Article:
Treat everybody right.
You hear horror stories of people who foster children in order to pocket the money they receive from the state meant for that child’s wellbeing and want to hope they’re the exceptions rather than rule. It’s easy to be cynical, however, and believe the opposite in this world. The same can be said about elder care and the often-tenuous relationships between children of aging parents with increasing struggles. Infighting is common because not every child is as well off as the next or as close. Suddenly a consensus can’t be reached and a third party guardian is appointed as power of attorney. Now that elderly parent who doesn’t know or understand what’s happening must relinquish their control to an objective outsider without an emotional connection to the case.
This is the scenario facing newlyweds at age 96 and 95 respectively, Edith and Eddie. After spending ten years together with a story about splitting a winning lottery ticket serving as their meet-cute love at first sight origin, the law is trying to tear them apart. Behind the courts, however, are also two women: Edith’s daughters Patricia and Rebecca. The former lives in Florida and has apparently been awaiting the eventual payday that selling her childhood home would yield if she can place her mother into a retirement community. The latter resides in Virginia and helps care for her mother and Eddie as they take up residence in that childhood home as (mostly) autonomous adults. Rebecca sees their love first-hand and knows it’s more important than anything else.
Director Laura Checkoway‘s documentary Edith+Eddie takes us into what’s ostensibly a sad feud between sisters wherein the state has rules to intercede. An intermediary is assigned the case and paid by Edith’s estate to keep her “best interests” in mind despite never meeting her or Eddie to judge the situation beyond a clinical diagnosis of dementia. This film therefore does what Jessica Niesen doesn’t: paint a picture of reality beyond words on a page. It provides subjective yet solid proof that Edith is happy. It shows that this marriage isn’t some attempt to steal Patricia’s inheritance and that Rebecca is very much involved in both of their lives as caretaker. We witness the potential of a court-sanctioned kidnapping hinged upon Niesen’s out-of-context facts that ignore Edith’s inherent humanity.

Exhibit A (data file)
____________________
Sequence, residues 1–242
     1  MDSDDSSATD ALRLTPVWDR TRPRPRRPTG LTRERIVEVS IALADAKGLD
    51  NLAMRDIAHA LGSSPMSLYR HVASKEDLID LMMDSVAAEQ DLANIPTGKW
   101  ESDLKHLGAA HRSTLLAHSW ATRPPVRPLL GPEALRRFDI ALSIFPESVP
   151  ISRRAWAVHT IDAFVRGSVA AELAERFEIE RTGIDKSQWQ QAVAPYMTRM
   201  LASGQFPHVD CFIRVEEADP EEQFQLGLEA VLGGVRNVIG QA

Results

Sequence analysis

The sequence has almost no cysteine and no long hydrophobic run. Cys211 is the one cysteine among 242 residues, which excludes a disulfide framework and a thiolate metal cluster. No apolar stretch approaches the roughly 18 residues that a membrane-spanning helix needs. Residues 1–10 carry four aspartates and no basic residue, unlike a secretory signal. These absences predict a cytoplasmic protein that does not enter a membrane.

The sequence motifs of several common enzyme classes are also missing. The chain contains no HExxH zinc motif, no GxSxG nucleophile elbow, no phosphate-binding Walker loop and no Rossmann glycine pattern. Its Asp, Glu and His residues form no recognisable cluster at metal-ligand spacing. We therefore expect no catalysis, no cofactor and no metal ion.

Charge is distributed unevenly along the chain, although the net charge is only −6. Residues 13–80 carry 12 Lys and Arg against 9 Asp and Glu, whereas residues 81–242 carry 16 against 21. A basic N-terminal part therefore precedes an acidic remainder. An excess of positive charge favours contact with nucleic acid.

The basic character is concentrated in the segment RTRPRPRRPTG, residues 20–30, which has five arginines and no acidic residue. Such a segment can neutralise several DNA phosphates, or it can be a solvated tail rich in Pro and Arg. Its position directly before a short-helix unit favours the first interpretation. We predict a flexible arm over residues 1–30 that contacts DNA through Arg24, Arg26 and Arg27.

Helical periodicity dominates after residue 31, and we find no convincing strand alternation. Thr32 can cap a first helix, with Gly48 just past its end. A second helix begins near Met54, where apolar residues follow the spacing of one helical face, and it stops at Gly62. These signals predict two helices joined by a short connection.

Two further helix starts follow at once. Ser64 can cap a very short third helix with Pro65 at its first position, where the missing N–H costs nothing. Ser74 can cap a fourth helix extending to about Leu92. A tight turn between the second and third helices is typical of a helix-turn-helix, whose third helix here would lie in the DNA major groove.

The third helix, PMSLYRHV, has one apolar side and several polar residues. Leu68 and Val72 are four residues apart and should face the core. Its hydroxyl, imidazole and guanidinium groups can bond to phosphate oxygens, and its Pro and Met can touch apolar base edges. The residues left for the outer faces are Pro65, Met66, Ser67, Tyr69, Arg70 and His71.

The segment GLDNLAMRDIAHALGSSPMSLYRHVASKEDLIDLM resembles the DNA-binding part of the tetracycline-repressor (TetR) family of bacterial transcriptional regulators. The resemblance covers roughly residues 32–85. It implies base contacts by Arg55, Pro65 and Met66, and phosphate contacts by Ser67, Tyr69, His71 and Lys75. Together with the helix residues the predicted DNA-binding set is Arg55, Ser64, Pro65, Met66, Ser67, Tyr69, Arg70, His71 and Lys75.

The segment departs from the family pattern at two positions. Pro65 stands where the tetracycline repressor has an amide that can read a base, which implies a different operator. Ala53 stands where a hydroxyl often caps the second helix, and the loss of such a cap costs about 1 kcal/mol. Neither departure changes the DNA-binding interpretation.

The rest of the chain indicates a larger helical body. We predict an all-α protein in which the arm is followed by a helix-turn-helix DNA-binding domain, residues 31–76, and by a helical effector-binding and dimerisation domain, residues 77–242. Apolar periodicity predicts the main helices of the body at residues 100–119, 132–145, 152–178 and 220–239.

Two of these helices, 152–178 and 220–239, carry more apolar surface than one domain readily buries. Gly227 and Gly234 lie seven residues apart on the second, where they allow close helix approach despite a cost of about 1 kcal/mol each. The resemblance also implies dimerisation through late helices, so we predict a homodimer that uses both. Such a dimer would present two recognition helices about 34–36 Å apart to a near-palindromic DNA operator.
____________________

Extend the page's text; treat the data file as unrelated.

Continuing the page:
As stated above, cynicism follows the money. Patricia wants her share of the house and Jessica is paid from the funds the sale of that house would increase. But there’s more involved than the inheritance or even Edith’s wellbeing at this point. Being married means Eddie must enter the equation and yet his age and own health issues allow the courts to ignore him just as Patricia does. Checkoway depicts their bond of love in every frame whether this couple is together or apart, but also gives us a glimpse into the unavoidable failure of authority when strict laws must be followed regardless of circumstance. She shows the lack of respect our country supplies many senior citizens and how readily we sacrifice morality to impersonal acts of “justice.”